The Chicago Cubs' Kris Bryant and the Houston Astros' shorstop Carlos Correa were awarded the 2015 Rookie of the Year awards, and few people argued. Bryant hit 26 home runs, batted in 99 runs, and had a batting average of .275. (He struck out 199 times, however, the most in the National League.) Correa hit 22 home runs, with 68 RBI and a batting average of .279, managing to outshine the Astros' other young star, Jose Altuve. See bleacherreport.com.

Football and "football" news...

On November 6, the Toronto Argonauts played their final game in the Rogers Centre, beating the Winnipeg Blue Bombers 21-11. Toronto failed to make the Canadian Football League playoffs, going 10-8 for the season. Because the Blue Jays made it to the MLB playoffs, the Argonauts were obliged to host their October home games in Ottawa. See argonauts.ca. Next year the Argonauts will play their home games in BMO Stadium, built primarily for soccer. It is located about a mile to the west, on the north edge of where Exhibition Stadium used to be. I saw it while driving into Toronto last July. Accordingly, I have updated the text on the Rogers Centre page.

When I updated those diagrams in late September, I should have mentioned that the Buffalo Bills are no longer playing any of their "home" games in that stadium. The decision was announced in December 2014; see the CBC. The Bills only won one of the six games they played in Toronto since 2008, and the lack of fan enthusiasm seems to have hurt the team's performance. The Bills plan to build a new stadium to replace Ralph Wilson Stadium, one of the oldest NFL venues.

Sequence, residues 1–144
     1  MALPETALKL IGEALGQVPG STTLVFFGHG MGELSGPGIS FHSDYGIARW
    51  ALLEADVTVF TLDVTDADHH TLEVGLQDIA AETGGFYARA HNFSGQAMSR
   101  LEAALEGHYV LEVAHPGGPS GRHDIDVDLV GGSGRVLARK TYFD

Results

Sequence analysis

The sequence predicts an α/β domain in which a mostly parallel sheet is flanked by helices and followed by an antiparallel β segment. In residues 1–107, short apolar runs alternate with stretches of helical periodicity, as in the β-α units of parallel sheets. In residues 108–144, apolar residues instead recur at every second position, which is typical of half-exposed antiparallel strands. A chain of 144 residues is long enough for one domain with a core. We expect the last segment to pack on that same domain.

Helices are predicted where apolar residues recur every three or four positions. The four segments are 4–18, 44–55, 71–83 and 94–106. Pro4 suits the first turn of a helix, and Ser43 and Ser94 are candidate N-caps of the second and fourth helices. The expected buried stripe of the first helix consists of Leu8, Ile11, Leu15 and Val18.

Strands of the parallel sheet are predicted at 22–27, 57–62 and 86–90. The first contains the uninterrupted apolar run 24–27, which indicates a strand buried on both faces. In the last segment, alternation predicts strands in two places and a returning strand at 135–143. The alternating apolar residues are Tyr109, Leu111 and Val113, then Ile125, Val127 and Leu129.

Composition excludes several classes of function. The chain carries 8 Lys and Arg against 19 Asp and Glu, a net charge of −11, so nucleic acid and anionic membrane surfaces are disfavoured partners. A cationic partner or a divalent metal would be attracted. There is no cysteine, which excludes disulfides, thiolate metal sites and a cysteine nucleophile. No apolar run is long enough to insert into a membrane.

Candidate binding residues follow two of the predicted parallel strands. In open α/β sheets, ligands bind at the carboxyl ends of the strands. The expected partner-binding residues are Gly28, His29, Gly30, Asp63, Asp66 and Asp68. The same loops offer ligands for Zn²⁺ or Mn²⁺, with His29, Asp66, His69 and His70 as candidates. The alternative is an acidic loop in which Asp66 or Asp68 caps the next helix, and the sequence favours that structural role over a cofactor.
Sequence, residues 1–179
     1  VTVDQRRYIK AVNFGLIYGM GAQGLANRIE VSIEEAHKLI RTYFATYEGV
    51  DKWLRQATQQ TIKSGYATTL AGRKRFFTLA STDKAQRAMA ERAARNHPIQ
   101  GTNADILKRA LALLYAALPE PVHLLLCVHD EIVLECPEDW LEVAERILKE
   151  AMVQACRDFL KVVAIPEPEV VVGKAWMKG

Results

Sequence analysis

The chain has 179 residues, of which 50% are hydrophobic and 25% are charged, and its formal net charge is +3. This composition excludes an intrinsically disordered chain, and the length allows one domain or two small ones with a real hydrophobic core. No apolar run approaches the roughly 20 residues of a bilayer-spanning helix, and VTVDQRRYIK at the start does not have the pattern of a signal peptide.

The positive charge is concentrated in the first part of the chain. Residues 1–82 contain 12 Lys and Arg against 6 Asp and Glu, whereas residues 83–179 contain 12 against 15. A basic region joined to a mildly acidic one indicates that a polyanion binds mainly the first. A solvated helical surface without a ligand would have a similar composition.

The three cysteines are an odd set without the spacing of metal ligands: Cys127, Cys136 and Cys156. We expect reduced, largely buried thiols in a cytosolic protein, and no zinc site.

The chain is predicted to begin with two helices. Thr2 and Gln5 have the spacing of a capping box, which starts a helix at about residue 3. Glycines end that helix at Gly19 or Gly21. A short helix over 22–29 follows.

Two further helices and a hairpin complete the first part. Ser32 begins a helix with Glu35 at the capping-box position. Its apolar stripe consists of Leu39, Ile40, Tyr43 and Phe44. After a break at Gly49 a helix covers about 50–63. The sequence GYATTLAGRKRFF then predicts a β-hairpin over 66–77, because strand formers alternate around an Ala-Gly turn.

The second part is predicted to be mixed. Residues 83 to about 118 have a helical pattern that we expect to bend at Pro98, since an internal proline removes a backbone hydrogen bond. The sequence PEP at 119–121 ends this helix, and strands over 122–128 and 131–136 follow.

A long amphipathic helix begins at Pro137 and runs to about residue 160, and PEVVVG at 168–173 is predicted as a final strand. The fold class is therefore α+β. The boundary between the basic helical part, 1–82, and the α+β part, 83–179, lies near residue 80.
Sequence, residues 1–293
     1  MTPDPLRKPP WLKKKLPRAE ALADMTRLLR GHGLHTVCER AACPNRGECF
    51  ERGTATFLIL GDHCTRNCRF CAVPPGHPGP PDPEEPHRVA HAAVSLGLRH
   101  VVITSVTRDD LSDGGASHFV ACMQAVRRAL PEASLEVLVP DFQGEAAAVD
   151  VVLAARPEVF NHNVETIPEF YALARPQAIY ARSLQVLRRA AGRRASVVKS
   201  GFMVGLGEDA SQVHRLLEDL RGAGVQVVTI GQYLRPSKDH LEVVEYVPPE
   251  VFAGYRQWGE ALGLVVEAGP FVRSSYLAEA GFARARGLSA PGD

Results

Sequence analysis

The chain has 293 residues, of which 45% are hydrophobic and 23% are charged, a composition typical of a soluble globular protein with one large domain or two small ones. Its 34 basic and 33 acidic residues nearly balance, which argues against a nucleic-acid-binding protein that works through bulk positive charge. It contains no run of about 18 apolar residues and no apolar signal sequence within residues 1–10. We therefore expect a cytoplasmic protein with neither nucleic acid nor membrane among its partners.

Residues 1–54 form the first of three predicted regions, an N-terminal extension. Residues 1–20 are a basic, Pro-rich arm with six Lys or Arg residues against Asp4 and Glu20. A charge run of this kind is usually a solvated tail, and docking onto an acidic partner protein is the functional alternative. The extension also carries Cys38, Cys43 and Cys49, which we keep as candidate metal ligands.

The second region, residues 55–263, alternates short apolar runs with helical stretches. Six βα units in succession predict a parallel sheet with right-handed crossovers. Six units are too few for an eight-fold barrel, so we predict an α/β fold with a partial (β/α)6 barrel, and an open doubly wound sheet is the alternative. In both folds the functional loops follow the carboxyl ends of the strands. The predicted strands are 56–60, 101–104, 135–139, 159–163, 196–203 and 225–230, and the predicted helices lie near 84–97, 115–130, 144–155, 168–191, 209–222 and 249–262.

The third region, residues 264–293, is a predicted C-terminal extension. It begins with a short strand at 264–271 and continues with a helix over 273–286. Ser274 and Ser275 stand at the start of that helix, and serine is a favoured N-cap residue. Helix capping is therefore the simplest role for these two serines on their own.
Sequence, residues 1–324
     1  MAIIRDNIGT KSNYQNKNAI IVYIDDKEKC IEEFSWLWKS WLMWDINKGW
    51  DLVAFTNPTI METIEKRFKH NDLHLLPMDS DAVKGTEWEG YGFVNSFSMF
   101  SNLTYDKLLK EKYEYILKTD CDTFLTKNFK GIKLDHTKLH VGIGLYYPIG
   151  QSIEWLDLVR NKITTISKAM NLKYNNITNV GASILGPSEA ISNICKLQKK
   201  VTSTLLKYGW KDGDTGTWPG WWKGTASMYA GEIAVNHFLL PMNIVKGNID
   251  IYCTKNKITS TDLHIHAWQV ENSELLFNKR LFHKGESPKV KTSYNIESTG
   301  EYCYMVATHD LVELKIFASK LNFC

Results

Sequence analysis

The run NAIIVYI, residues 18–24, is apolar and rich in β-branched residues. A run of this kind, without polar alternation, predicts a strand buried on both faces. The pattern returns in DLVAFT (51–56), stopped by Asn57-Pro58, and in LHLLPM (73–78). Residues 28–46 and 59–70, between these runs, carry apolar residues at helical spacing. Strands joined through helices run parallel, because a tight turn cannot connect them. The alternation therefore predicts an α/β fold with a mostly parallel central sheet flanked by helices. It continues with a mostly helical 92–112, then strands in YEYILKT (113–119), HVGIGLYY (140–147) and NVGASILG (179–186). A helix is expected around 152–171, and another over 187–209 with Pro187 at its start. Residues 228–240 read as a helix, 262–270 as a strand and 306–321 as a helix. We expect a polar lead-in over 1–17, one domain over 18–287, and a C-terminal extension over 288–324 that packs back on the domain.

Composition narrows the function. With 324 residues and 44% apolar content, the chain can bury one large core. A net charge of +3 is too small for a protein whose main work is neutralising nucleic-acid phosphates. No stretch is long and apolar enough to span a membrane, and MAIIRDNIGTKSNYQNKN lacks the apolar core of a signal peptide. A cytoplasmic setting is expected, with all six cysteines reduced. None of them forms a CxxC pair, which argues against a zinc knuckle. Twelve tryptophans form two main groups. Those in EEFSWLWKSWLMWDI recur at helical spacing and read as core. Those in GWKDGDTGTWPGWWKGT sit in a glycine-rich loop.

In Washington, meanwhile, the D.C. Government has undertaken eminent domain procedures to acquire land to be used for the future D.C. United soccer stadium. It will be located about three blocks southwest of Nationals Park in the Buzzards Point area of Washington. See the Washington Post. D.C. United had an excellent regular season, but once again fell flat in the playoffs, losing to the New York Red Bulls on November 8.

November 18, 2015 [LINK / comment]

Strasburg gets back surgery

Now we know why Stephen Strasburg was having so much trouble with tightness in his back last summer: he had a painful skin growth that turned out to be a non-cancerous tumor. He had surgery to have it removed, and hopefully he'll be back to normal next spring. See ESPN.

Zimmermann, Desmond depart

As expected, both Jordan Zimmermann and Ian Desmond declined the "qualifying offers" from the Washington Nationals, which almost certainly means they're about to become free agents. If they accept an offer from another team, the Nationals will get a draft pick from the other team in compensation. See MLB.com. They'll probably both rake in top dollar multi-year contracts, and I wish them all the best -- except when they're playing against the Nationals, of course. They both played like champions for years with the Nats, and they will be remembered fondly.

 Milwaukee County Stadium

(Milwaukee) County Stadium update